It worked once…twice…thrice…and on lucky number four this happened.
The top of the dog is end grain and overall the dogs are pretty straight. Apparently I’m more of a brute than I thought and the dog cracked and broke.
I had to make a new one, and was able to reuse the spring strip.
After the dogs were done I had to cut backer boards to go in between the dogs and make the slot level to the rest of the bench. Each of the backer boards were cut 4 degrees off 90 to match the front and back angle on the slots/dogs.
Measure, cut, test fit, cut, test fit, cut, screw down, repeat down the length of the bench dog assembly.
The bit of work was to chisel out a slot on the tail stock so the dog could fit flush when not in use. Following the book, I drilled out most of the waste equal to height of the dog head. Then I came back through and squared everything up with the chisel.
After that the bench was done!
Here are some pictures of the finished product.
The extra holding space I was talking about earlier…
A little test planing to try out the dogs – worked like a charm!
Overall it was a really fun/fast build – especially compared to the first chapter. I learned a lot, tried a lot of simple joinery I had never tried before, and hard to do some “out of the box” thinking around the vise.
Like the first build, I made some executive decisions along the way, especially toward the end of the bench.
I decided not to install the tool well on the back side of the bench. I anticipate it would fill up with random tools and inches of saw dust – plus I like being able to work from all four sides of the bench.
I also decided not to frame out the rest of the top in oak. This bench is really meant as a tester – to give me a feel for what I want out of a more permanent bench. I think some of the parts are re-usable and some would be a waste. I added the hardwood oak to the vise end to get some more stability around the addition I made and to get a flatter/harder clamping surface for the tail stock/vise face.
Flipping a piece over doesn’t mean the angles will line up correctly - reset the miter gauge and make TEST CUTS – The book recommended test cuts to get the angles right – once again I thought I had it out smarted – turns out I didn’t I swear I will make test cuts common practice in chapter 3.
I don’t like cutting slots on the table saw by lowering a sheet of plywood/chip board onto a spinning table saw blade. I don’t care that it worked, it freaked me out. Next time I’ll figure something else out.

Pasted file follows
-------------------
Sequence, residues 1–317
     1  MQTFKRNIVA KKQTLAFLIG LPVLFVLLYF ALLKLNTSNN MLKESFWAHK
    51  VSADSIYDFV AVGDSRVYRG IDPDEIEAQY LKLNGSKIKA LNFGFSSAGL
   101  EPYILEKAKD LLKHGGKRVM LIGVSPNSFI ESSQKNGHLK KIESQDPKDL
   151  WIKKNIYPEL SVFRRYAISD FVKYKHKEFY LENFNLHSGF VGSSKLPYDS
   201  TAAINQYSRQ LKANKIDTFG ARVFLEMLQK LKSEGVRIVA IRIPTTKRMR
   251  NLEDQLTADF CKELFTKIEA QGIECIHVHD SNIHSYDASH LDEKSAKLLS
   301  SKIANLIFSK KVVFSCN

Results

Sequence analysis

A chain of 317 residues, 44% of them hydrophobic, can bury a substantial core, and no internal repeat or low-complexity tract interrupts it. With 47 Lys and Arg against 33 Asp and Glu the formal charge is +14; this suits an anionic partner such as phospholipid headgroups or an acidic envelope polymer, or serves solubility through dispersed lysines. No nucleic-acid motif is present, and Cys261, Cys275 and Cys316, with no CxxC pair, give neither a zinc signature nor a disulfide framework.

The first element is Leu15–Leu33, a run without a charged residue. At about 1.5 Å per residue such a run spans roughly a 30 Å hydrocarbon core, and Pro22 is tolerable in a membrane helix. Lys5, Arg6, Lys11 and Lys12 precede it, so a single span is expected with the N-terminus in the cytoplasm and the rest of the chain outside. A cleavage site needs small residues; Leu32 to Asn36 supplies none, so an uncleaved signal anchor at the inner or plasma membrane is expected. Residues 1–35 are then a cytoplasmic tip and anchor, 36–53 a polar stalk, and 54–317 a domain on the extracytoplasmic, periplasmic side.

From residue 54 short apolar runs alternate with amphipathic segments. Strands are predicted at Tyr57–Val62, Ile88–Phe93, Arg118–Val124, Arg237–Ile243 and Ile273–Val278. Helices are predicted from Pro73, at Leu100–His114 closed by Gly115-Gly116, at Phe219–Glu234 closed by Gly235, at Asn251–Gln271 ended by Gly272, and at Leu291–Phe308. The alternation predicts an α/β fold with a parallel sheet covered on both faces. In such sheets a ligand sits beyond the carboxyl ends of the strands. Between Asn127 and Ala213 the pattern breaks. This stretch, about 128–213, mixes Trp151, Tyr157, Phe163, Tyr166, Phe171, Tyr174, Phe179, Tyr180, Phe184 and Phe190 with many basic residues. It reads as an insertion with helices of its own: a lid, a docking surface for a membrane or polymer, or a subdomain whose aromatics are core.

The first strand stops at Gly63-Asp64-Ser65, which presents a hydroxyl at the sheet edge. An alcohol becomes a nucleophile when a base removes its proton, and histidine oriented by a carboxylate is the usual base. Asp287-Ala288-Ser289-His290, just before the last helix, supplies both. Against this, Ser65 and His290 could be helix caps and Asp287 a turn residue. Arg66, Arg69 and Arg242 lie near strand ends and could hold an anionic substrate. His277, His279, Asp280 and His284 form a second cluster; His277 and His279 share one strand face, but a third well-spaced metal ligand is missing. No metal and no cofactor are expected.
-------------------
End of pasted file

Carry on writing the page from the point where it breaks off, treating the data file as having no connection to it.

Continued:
Using blocks on the table saw fence is one of the most handy tips I’ve picked up so far. I seriously love this trick and have been using it on every repetitious cut I make.
Even though they are simple – lap joints still need precision – maybe even more than other joints. There is some wobble in the bench that I can feel when I really push the plane around – I think it is because the joints don’t fit as tightly as they could.
Again, I need to think through if the instructions in the book make sense. Some of the things I read didn’t sound right, I tried them anyway and wasted time and material either because they weren’t clear, didn’t exist, or I couldn’t understand what I was supposed to do. A few times I needed to look up the video of Norm building this on Youtube so that I could figure out what the hell I was supposed to be doing and what it was supposed to look like.
Mark all joinery in one sitting, put X’s to indicate waste areas, try to consolidate and find a workflow as much as possible. Saves time from switching out saw blades (which sucks in a 30 degree shop!) and lets you totally focus on the task at hand.
Finally Benches are cool! It makes me feel more legit to have an actual wood working bench in my “shop” I feel like I joined a super cool, not so secret, but really exclusive group – like getting to eat lunch with the seniors when you are a freshman.
The next chapter features a drop leaf table with legs turned on the lathe. I’m excited to try out my hand at turning, slightly intimidated because I don’t know a damn thing about it, and interested build something that uses “leaf like” components.
-- - Steve Campbell